I got to know a lot about his life and his journey from Bihar to Mumbai. By the time I was done with many questions, my building had come. While I was getting out of the cab he asked me, Are u a journalist and will you put my interview in the paper? I smiled and answered no, it is for my college project….. but the day I become I would surely put this up. I thanked him and left. He was very kind and cooperative.

Obituary for my grandmother!

Obituary for my grandmother!

It has been seven years since she’s gone but still her essence is alive in my family. She’s gone but her memory will live on. She was my favourite - My grandmother. Her name was Krishna Khithani. My grandmother meant a lot to me. She was born on 18th February 1927 in Pakistan, got married at the age of 18. Due to partition ,my grandmother with her first son and husband had to shift to India. She passed in the year 2007. She was 80 when she passed away. My grandmother and I were very close to each other. I loved to sit with her and read or listen to her stories. I learned a lot of useful things from her, but most importantly the value of hard work. My grandmother had struggled a lot in her life. She was picture of strength and very brave women. She loved to spend time with friends and family. My grandmother deeply cared for her family and friends. She used to talk to each and every person she met. Losing my grandmother has been very painful for my family and me. I miss my grandmother a lot and the way she used to get angry at small things. Her memory will continue to live on forever in my heart.

Wednesday, 26 February 2014

VJTI Students establish communication between deaf-mute and blind individuals

VJTI Students establish communication between deaf-mute and blind individuals

   In a pursuit to enable communication for the specially abled individuals, students from VJTI (Veermata Jijabai Technological Institute)Matunga in their ongoing  annual festival Technovanza exhibited Physically Challenged communication, a user friendly device facilitating communication between a deaf-mute and a visually impaired individual.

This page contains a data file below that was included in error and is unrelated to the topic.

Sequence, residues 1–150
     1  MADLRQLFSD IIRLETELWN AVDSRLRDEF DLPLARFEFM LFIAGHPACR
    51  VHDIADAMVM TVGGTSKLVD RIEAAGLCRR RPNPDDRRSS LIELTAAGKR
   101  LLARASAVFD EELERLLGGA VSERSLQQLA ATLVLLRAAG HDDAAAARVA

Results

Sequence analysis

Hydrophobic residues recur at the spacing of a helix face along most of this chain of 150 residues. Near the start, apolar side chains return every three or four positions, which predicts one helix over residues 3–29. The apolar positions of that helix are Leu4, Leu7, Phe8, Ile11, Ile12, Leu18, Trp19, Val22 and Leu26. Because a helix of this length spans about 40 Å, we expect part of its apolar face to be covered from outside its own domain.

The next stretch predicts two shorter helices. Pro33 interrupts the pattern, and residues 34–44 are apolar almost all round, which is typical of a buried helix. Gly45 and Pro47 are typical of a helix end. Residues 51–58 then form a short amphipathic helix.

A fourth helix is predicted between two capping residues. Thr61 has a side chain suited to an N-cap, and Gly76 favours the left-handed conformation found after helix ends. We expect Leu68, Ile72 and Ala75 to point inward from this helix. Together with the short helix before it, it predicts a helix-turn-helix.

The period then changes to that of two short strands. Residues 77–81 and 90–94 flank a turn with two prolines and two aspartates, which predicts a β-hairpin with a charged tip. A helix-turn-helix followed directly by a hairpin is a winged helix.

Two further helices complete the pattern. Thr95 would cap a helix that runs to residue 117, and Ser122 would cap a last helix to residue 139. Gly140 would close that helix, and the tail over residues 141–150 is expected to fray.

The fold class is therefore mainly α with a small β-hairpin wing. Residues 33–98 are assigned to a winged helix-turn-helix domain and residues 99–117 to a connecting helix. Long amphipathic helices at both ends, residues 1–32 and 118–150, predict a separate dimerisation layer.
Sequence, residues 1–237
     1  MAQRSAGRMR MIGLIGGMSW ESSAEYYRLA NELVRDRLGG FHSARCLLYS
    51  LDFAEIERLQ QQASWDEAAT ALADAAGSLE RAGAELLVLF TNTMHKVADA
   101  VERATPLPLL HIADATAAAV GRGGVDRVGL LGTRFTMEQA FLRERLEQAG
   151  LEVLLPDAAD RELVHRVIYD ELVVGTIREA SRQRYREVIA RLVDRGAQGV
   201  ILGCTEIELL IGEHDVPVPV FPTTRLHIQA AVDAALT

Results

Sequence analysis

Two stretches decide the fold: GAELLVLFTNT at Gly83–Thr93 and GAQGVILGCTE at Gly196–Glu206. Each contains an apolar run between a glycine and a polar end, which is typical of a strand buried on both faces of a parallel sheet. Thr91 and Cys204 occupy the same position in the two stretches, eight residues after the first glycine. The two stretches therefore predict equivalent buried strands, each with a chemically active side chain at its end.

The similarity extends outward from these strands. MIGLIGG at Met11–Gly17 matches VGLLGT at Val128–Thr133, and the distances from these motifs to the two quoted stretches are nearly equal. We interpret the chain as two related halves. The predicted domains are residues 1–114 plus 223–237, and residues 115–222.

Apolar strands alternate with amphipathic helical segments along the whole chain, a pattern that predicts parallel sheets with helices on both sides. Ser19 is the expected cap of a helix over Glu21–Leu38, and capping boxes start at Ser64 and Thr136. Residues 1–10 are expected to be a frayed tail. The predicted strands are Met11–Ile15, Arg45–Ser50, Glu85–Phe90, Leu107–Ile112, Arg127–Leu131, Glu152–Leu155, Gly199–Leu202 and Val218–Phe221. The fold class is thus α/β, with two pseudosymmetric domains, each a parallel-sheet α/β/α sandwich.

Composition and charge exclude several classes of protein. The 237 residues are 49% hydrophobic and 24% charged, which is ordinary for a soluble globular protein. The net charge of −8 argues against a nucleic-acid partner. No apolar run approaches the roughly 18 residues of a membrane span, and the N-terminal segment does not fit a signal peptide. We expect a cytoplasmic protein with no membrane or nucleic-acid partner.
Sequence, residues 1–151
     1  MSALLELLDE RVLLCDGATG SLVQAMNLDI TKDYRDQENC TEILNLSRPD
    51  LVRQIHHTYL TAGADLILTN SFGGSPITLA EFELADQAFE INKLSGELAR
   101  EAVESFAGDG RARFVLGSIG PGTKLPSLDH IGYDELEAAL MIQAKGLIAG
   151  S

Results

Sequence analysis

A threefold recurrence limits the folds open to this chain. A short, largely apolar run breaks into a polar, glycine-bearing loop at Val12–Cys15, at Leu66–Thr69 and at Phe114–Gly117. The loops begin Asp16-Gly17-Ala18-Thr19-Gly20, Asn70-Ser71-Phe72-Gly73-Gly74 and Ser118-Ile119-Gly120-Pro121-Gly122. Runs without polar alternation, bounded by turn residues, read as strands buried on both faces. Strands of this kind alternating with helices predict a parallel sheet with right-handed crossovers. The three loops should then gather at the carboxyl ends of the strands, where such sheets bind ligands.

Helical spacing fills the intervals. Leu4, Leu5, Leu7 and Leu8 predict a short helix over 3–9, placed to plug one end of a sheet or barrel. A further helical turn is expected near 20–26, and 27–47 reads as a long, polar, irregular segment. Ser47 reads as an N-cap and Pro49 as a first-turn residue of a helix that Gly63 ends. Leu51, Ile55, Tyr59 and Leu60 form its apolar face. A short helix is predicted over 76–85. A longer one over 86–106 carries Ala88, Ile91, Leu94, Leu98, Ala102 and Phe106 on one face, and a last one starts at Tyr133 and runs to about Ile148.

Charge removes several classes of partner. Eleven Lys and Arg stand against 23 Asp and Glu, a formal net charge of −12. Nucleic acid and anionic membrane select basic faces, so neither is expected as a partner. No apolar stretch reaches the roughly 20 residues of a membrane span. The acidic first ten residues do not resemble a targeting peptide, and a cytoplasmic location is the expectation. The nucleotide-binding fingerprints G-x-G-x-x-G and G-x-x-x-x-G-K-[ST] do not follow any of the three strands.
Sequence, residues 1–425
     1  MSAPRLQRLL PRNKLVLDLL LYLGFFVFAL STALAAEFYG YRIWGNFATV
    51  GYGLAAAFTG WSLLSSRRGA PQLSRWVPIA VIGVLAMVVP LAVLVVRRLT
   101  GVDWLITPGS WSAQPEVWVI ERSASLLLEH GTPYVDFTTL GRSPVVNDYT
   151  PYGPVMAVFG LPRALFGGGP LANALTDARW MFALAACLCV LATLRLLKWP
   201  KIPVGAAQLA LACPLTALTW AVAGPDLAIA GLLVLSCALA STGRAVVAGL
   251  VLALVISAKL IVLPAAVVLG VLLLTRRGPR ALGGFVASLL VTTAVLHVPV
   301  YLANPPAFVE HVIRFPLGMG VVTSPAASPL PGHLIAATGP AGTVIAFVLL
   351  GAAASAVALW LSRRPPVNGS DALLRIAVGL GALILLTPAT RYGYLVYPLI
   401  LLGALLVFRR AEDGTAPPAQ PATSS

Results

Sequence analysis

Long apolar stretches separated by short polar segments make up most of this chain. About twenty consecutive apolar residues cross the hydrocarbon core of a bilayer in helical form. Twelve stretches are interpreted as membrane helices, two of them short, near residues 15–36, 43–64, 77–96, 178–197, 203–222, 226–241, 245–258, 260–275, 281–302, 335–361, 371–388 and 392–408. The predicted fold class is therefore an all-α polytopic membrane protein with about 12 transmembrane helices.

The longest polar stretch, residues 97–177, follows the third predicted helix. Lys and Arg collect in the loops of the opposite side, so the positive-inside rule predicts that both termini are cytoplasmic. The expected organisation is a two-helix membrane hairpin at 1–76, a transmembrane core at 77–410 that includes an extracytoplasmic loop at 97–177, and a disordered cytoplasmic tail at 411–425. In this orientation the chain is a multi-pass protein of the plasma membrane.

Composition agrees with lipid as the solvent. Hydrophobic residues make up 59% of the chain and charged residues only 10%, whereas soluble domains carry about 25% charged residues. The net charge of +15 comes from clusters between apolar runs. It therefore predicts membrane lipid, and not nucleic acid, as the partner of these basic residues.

Having tested the device with 20 individuals at Hellen Keller Institute for Deaf and Blind at Byculla, it functions on the basis of Bluetooth connection between a phone and an AVR board. Swadhin Thakkar, a second year involved in the project said, “We have developed an app for connection purpose, with the help of sound command a visually impaired individual can navigate to the app on a phone. Once connected, the visually impaired individual can record his message on the phone and the same message will seen on the board display.”  Thakkar further added that the message can be answered by the deaf-mute individual in terms of gestures which will be recognized by the board, in return the visually impaired individual will receive the reply in form of an audio. Undertaken by a team of four second year students at VJTI, the project has a found a spot in IIT Bombay’s top 10 in the technical fest.  With the motto of bringing Technology to the society, the students have come up with the concept of a robotic butler. “Today in an urbanized era wherein we want everything handy, the idea of a robotic butler seemed just right.” Said Shubhankar Potdar, a second year student and veteran of the robotic butler at VJTI .
    Among the other highlights of Technovanza scheduled from 28th December to 30th December,2013  includes a Rubik's cube image of APJ Abdul Kalam, a dye-sensitized cell, an unmanned railway cross, Robo wars and  an eye controlled wheel chair.

Sunday, 9 February 2014

Sunset Margarita

Sunset Margarita